Midterms: Takeaways from Tuesday's US Primary

By James Oliphant

WASHINGTON (Reuters) – The fight for abortion rights and the influence of former President Donald Trump loomed large as voters in several states went to the polls on Tuesday. Here are some takeaways from the latest 2022 midterm primary election:

BATTLE LINES AGAINST ABORTION DRAWN IN MICHIGAN

In the Michigan gubernatorial race, there will be no middle ground when it comes to abortion rights.

Tudor Dixon, a political unknown who received a last-minute endorsement from former President Donald Trump, left the Republican caucus on Tuesday to face Democratic Gov. Gretchen Whitmer in the November general election.

Whitmer has made the US Supreme Court’s overturning of the constitutional protection of abortion a centerpiece of her re-election campaign. Dixon supports a near-total ban on abortion, even for child victims of rape and incest, with the sole exception of cases where the mother’s life is at risk.

A legal battle is raging in the state over enforcement of a 1931 abortion ban. At the same time, abortion rights supporters are seeking to place a measure on the November ballot that would legalize abortion in the state.

With the election just three months away, veteran Republican pollster Steve Mitchell said Dixon has plenty of time to competitively challenge Whitmer and should see a strong flow of campaign funds from out of state.

Dixon is a former steel industry businesswoman who portrays herself as a “conservative mother” of four who opposed COVID-19 school closures. Mitchell said she could appeal to like-minded parents and draw a stark contrast to Whitmer, who often speaks about her own role as a mother of daughters and has also faced criticism over her coronavirus lockdown orders.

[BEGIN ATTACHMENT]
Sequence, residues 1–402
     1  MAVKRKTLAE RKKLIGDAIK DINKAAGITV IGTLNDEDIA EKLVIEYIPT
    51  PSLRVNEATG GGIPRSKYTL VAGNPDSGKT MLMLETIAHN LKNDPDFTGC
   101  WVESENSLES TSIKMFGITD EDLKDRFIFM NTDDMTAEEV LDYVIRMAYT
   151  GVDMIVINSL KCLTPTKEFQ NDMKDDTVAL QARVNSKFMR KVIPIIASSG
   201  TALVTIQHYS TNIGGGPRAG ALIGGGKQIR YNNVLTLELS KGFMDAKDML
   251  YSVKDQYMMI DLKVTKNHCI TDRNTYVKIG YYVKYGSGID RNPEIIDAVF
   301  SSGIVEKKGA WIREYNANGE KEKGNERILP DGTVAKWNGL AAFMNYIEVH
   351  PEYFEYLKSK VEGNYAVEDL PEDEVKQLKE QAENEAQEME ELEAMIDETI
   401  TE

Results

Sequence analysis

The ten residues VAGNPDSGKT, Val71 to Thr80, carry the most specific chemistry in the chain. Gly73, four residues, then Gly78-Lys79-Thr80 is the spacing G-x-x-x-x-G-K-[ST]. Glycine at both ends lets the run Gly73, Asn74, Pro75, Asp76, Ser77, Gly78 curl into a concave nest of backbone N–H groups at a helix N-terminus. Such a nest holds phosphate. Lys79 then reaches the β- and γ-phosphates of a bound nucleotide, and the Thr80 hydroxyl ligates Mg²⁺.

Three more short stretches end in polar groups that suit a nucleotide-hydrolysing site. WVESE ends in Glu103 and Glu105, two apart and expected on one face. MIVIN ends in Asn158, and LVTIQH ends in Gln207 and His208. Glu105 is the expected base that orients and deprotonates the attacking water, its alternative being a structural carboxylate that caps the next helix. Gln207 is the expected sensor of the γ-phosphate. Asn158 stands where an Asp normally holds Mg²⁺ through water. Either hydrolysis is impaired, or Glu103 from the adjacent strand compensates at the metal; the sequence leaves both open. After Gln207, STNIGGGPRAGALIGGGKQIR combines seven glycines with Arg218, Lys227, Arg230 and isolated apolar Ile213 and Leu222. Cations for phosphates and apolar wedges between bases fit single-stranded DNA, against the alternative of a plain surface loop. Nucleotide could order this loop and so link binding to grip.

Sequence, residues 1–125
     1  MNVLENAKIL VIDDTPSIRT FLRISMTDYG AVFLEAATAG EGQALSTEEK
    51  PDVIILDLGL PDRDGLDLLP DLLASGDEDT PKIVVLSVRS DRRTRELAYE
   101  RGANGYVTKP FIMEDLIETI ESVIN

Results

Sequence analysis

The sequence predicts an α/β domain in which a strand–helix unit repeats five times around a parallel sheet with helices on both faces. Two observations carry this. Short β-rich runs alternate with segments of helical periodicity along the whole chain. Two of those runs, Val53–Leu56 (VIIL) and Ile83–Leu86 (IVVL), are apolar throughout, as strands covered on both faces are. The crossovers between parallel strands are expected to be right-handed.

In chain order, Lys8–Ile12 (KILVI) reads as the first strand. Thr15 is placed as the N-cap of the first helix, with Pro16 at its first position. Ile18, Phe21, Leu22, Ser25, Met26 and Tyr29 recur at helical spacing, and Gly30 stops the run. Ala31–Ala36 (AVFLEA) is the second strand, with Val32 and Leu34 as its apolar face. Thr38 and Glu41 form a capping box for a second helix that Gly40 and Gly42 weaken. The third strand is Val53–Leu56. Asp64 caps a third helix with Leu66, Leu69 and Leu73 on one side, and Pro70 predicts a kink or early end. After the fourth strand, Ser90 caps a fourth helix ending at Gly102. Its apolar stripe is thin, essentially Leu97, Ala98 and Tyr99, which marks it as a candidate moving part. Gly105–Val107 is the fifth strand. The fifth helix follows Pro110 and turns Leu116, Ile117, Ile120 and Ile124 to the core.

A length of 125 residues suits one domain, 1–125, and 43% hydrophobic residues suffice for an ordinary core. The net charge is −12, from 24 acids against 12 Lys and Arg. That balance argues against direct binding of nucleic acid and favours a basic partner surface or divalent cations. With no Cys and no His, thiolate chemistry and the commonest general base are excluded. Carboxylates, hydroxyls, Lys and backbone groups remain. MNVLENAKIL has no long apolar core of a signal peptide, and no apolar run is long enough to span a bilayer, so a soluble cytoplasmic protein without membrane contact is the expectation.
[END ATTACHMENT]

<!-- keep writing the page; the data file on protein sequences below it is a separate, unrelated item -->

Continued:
“It’s going to be a fascinating race,” Mitchell said. “In my opinion, none of the men (in the Republican field) could have beaten Whitmer.”

ERIC VS. Eric

One Eric won the Republican primary for the US Senate in Missouri and another Eric lost. When it came to national Republicans, Eric’s right prevailed.

Eric Schmitt, the state attorney general, defeated former Missouri Governor Eric Greitens, whose campaign was marred by allegations of abuse by his ex-wife.

Pre-primary polls showed that if Greitens were to win the nomination, he could struggle in a November matchup against the Democratic nominee and perhaps jeopardize a Senate seat Republicans can’t afford to lose if they want to take control of the Senate. the camera. A Republican-affiliated group launched a television campaign to derail Greitens’ chances.

None of that deterred Trump from taking the unusual tactic Monday of endorsing “ERIC” without specifying which one, prompting both candidates to claim Trump’s support and giving Greitens a lifeline.

Schmitt is now expected to win the seat handily this fall, sparing the party from having to divert resources to Missouri that it had earmarked for other Senate races.

Republicans need a net gain of one seat to take control of the chamber.

(Reporting by James Oliphant; Editing by Colleen Jenkins and Cynthia Osterman)

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